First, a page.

Again, the Bible reminds us that the promises of God are not dependent on us.
Abraham remarries following the death of Sarah and has more sons, who end up being more enemies of Israel.
I find it fascinating what the scripture say in chapter 25. Abraham gave everything he had to Isaac, but to his other sons he gave gifts and sent them away.
Abraham was 175 years older than his death and his sons Isaac and Ishmael buried him with the Sarah.
Ishmael had 12 sons and was the father of a multitude at his death. He was 137 years old when he died.
Reminiscent of the story of his father and mother, Isaac took a wife and she was barren. He prayed that the Lord would give him a son. Rebekah became pregnant with twins. And a story of dysfunctional family continues. Jacob was Rebekah’s favorite and Esau was Isaac’s favorite. Jacob was crafty and deceptive and a saw was hot tempered and only interested in temporary pleasure. Isa sold his birthright for a bowl of stew.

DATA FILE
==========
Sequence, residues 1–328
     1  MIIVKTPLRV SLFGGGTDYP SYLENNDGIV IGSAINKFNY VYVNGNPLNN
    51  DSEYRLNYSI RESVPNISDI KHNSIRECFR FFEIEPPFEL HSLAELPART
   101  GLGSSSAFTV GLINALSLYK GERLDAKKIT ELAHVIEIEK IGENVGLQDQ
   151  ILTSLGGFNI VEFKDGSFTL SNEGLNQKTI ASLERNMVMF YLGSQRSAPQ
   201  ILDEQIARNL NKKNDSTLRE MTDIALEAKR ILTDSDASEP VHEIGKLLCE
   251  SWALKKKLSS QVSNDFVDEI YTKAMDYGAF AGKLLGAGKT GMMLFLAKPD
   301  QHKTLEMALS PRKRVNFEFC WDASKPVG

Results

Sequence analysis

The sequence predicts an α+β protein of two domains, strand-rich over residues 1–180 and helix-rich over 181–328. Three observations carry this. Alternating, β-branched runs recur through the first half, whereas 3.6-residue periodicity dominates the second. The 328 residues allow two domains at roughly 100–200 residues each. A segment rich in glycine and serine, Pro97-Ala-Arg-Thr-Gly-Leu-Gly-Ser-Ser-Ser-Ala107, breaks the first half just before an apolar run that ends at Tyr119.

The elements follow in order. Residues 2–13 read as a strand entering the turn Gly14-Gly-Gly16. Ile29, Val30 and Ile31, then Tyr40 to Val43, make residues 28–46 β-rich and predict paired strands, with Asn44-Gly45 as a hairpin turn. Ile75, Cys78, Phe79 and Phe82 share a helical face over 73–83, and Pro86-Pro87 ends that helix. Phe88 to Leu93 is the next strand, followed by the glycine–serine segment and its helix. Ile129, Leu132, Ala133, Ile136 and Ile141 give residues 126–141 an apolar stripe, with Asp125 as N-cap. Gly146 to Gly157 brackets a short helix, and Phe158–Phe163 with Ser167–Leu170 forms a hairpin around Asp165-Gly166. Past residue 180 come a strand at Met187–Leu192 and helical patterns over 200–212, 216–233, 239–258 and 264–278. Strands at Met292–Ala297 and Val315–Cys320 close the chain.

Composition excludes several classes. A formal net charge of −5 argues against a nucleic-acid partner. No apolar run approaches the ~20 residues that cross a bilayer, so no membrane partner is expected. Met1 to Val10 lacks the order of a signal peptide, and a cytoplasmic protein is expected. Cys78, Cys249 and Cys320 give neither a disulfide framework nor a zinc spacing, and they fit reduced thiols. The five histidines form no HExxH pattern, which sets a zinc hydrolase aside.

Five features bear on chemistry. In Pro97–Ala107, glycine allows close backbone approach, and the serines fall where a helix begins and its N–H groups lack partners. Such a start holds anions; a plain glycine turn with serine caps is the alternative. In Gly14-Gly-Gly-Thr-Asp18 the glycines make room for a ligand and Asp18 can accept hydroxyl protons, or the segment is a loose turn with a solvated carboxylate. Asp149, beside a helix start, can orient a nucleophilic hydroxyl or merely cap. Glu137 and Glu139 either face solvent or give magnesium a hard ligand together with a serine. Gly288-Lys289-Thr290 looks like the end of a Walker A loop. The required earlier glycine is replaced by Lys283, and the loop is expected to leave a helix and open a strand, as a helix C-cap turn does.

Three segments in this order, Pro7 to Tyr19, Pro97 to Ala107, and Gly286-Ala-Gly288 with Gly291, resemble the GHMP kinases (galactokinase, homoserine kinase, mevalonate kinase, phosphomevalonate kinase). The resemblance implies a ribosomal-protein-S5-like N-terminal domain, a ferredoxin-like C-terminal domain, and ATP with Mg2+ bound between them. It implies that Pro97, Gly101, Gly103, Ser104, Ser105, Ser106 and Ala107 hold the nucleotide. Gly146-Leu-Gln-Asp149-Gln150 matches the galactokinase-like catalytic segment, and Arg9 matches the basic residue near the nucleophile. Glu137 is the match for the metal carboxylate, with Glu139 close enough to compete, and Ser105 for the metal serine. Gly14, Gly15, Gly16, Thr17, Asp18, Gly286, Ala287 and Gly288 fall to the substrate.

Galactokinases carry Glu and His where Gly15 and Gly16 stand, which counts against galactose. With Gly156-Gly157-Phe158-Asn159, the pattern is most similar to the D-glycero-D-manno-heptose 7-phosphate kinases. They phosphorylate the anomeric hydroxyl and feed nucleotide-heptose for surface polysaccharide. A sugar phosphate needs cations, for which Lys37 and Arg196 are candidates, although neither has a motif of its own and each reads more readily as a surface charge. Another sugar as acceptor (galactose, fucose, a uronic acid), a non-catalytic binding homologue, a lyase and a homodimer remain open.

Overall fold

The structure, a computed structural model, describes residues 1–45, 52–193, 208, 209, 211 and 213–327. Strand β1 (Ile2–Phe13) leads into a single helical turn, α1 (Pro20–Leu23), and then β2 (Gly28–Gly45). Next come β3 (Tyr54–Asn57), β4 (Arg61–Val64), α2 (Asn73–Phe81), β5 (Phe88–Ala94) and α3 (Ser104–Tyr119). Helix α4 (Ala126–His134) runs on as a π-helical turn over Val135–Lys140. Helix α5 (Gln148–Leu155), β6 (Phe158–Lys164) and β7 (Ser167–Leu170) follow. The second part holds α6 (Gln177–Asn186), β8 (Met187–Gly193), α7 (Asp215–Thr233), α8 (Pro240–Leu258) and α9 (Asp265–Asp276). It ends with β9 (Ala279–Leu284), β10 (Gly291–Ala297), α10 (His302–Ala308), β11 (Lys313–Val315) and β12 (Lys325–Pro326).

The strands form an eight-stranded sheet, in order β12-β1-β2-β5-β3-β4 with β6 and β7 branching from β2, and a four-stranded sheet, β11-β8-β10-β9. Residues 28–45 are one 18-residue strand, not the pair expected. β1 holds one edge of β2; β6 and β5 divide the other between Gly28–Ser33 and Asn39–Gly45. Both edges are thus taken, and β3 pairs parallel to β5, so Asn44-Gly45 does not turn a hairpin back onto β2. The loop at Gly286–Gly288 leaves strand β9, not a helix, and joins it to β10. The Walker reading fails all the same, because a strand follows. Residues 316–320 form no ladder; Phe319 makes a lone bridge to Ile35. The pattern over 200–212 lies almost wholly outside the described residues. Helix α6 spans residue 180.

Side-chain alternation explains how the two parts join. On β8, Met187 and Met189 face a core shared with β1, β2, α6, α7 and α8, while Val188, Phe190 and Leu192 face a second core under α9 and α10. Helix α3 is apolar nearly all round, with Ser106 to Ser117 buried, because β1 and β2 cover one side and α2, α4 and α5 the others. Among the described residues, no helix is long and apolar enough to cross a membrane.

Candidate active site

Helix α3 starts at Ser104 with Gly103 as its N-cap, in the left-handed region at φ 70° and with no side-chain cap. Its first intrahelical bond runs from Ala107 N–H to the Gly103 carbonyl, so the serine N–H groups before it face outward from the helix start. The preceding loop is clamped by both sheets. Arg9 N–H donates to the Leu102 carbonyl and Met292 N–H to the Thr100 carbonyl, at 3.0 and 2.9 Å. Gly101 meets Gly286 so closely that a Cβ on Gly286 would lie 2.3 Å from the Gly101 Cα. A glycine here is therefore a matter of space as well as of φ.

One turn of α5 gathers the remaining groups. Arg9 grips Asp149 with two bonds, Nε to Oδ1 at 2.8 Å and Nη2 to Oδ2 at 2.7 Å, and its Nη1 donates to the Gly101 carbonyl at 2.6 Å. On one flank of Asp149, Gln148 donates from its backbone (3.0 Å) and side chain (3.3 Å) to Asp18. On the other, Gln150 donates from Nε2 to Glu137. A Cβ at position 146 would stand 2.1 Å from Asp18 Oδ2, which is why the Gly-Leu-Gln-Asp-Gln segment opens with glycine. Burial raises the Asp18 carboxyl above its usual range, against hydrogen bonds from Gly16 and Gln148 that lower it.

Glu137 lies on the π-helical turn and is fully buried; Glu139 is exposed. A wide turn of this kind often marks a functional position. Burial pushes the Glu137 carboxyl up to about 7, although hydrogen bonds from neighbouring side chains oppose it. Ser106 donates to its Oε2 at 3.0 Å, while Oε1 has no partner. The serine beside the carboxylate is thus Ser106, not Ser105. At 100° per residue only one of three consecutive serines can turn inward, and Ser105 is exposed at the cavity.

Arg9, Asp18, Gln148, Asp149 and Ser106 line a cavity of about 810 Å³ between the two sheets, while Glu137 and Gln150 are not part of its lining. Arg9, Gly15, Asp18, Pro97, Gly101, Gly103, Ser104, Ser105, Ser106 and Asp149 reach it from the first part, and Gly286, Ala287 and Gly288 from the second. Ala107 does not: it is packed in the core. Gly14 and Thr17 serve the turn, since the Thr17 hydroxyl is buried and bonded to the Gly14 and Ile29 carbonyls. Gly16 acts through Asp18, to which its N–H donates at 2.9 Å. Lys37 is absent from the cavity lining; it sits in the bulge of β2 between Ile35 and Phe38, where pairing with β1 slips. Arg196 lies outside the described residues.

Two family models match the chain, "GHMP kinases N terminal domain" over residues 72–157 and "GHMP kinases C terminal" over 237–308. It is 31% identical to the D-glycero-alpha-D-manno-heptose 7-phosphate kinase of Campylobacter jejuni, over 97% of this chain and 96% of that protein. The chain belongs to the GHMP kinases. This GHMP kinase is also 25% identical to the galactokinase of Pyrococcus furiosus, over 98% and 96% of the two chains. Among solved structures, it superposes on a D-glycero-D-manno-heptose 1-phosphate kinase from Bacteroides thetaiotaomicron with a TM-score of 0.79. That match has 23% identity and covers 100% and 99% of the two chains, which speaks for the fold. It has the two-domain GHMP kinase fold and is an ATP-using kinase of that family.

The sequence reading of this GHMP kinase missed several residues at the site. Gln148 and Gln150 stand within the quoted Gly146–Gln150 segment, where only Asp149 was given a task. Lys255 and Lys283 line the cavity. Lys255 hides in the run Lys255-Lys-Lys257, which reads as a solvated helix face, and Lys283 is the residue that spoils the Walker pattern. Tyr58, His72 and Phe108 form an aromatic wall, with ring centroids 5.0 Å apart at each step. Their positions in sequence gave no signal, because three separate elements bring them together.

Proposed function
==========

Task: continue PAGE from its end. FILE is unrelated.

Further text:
Isaac knew his time on earth was short (he lived 40 more years after the story) and wanted to give the blessing to his son Esau, even though God had said Jacob would be the one to receive the blessing. The story that follows in the rest of chapter 27 is unbelievably sad.
Deception, lies, threats-through the evil plan of Rebecca and Jacob God still works out his righteous plan. In spite of him, not because of him. Jacob is essentially exiled for what they thought would be a few days until “thy brother’s anger turn away from thee,” but ended up being more than 20 years until he was able to return home.
There are no heroes in this story, other than God. His promises are not based on our goodness or what we can do for Him. Those who bless Him will receive His blessing. Those who reject Him are under the curse of condemnation.
The Story of Redemption, Volume 1 | Genesis - 2 Samuel by The Daily Grace Co.